The Captain pauses, still straddling her prone body from behind, pressing hard against those bulbous knots and the stiffness of the taught rope; he feels a tightness, a thrum, a tumescence in his crotch. This is something he feels only with women like this, like she is now and the others were before. He grinds himself down upon the rope; her body soft below, gives under his weight, drifts with the shifting of his pelvis, moving in slow, spreading circles. Only like this, in these times, does he allow Spermatorrhea to occur, not holding back, for it is an inevitable consequence, not a willful act like that committed by Onan, son of Judah, who elicited the full wrath of the Lord when he spilled his seed upon the ground. For Folger it all happens in a haze, a veil of ecstasy, affording him a few, brief moments—sacred moments—to vacate this foredoomed body of his.

Water purifies and water removes; it flows from here—the present—to another place, flowing into the future, as does time. Cleaning himself up at the washbasin he can see through the open bedroom door to Sophronia’s ankles and that 21st knot. Washing down his male organs beneath the pitcher’s cascade, Folger considers that he has never once used these parts for the purpose God intended. They never quite functioned in that capacity, so there was really no use in trying, was there?

Water… it had always been kind to him; the more water he could put between himself and his problems, the better. Problems far behind and far below the surface were easily forgotten: water has always had that property. The Captain imagines the river Lethe, waters of oblivion running through Hades, bestowing forgetfulness upon all who drank from them. How kind.

An enormous amount of water lies between him and Nantucket.

As he exits the cabin, the first two bells ring out above. He double-locks the door: third and fourth bells. In his pallid fist he clenches the key, climbing the aft stairwell under the fifth and sixth bells. He steps on deck, pausing in reverence as the last two bells sound. Eight bells of first watch: it is midnight. As the Captain approaches, Swain slips behind the foremast, offering scant protection for one so stout as he.

“Second Mate, I’ll relieve your watch.”

“Captain, it’s not my watch,” Swain wags his finger to Third Mate Smith, just coming forward.

“Smith stands middle watch now,” Swain says.

The Third Mate approaches. Sighting the Captain, his steps slow, a slight hobble emerges in his gait, vestige of an injury long healed.

“Evenin’ Captain.”

“Smith, I’ll have your watch tonight.”

Caught completely heedless, Smith tries his best to read Swain’s anguished features.

“The wife… a bit ill actually. I prefer to leave her to her proper recovery,” the Captain says, softening his demeanor.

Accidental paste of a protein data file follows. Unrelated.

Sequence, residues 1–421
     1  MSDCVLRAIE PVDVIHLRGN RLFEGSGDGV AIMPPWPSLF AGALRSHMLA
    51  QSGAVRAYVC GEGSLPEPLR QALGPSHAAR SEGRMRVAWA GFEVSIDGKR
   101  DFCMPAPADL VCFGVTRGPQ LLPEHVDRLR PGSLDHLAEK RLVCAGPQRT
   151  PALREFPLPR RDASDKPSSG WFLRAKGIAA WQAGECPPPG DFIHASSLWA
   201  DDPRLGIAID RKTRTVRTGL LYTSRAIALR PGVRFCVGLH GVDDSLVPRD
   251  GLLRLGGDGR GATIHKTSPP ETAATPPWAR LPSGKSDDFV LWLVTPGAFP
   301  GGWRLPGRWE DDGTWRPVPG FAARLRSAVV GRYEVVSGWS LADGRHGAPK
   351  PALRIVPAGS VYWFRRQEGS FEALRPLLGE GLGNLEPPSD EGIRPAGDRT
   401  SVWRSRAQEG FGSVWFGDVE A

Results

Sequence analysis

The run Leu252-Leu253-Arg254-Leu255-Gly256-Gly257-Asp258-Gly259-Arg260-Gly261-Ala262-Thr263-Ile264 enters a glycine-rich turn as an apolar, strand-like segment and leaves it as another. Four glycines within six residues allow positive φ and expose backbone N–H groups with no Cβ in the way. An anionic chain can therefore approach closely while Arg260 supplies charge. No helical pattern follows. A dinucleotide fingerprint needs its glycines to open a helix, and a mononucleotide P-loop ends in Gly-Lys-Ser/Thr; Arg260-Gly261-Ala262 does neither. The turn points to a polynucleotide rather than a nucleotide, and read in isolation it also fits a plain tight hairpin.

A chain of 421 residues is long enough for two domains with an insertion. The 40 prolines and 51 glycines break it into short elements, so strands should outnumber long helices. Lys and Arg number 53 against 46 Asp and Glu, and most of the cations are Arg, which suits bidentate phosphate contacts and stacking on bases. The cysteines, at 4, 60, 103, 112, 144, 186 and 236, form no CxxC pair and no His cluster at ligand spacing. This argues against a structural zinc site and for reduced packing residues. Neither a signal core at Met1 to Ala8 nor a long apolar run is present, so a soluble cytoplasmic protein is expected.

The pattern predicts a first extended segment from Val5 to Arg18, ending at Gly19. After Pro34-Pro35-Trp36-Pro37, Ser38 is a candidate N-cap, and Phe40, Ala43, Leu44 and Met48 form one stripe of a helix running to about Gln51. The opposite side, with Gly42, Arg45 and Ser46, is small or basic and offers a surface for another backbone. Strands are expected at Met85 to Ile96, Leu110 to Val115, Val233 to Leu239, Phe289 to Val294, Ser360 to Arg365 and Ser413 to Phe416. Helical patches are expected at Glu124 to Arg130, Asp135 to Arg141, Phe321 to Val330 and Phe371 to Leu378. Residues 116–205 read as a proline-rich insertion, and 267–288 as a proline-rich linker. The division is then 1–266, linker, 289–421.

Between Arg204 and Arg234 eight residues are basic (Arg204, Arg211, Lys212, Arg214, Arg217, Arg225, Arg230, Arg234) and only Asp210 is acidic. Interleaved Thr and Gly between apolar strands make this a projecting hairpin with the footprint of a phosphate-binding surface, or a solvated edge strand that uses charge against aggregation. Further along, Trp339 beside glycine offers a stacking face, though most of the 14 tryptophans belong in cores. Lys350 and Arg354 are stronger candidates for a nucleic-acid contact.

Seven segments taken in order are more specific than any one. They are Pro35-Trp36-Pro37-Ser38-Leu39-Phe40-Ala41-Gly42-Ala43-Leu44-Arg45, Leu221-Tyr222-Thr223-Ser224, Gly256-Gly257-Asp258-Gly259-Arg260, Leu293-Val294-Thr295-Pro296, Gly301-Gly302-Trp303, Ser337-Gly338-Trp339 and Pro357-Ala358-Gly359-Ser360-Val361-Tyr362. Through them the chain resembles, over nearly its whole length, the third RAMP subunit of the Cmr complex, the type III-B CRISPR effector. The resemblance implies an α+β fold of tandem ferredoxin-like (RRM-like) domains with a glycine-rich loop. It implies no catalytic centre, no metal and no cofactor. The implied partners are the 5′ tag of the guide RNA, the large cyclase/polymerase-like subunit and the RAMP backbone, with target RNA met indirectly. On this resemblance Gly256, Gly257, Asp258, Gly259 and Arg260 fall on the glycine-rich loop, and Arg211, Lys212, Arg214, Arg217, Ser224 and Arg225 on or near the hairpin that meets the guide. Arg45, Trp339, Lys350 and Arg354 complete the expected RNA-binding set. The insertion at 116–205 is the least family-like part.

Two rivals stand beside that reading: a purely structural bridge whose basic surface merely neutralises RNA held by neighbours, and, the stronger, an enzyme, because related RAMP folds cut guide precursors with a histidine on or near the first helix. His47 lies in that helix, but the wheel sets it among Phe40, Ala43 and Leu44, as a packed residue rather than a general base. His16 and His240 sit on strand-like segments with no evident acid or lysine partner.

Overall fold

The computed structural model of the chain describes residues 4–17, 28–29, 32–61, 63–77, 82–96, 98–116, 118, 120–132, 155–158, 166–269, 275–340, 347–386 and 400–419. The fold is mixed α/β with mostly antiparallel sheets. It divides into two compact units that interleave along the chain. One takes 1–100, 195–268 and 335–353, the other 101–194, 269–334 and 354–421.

“Nothing serious, one hopes.”

Folger’s left eye twitches a wild spasm, which he quells with a wink.

“Nothing for you to worry about.”

* * *

Returning to his Menemsha workshop, Keziah drops his bag to the floor, raising plumes of sawdust. He tosses his coat on the workbench, clearing a halo of shavings, sent airborne around it. The dust settling about him, Keziah skims the pages of his notebook, trying to make sense of it all: Folger, the three wives, and now his niece. If only he could connect one event to another, one person to another. The question that nags him the most now is, how could Sophronia have been dragged into such a dangerous affair as the result of a chance meeting; a stranger stops in an unfamiliar town to ask for directions, yet bypasses the local post office altogether, heading instead for a primary school. Is this the sort of thing a man does by happenstance? Can it be by coincidence that the man who murdered Jonathan Lambert meets his sister on a random stroll, all the while seeking out his victim’s uncle?

Keziah crosses to the far corner of the workshop. From deep

inside the storage bin he pulls a stiff canvas duffle. Across the workbench he spills out Jonathan’s possessions, presented to him that horrid day on Osborne’s Wharf by the Eliza Jane’s mate. At the time he was offered only three words; a mere three words to serve as both explanation and justification: “lost at sea.” On the bench before him are Jonathan’s shipping articles, a jaundiced, dog-eared sheet of paper signed by Keziah, Folger and the boy. No surprise his nephew’s lay or share of the whale oil was a paltry 1/250th. Buried in the scrawl of longhand he finds the phrase “payment of all sums contingent on contractee’s physical presence amongst the quick, and on American soil.” That conveniently ruled out the dead and deserted amongst his ranks, allowing Folger to cut himself a little bit bigger slice of the pie …all said and done.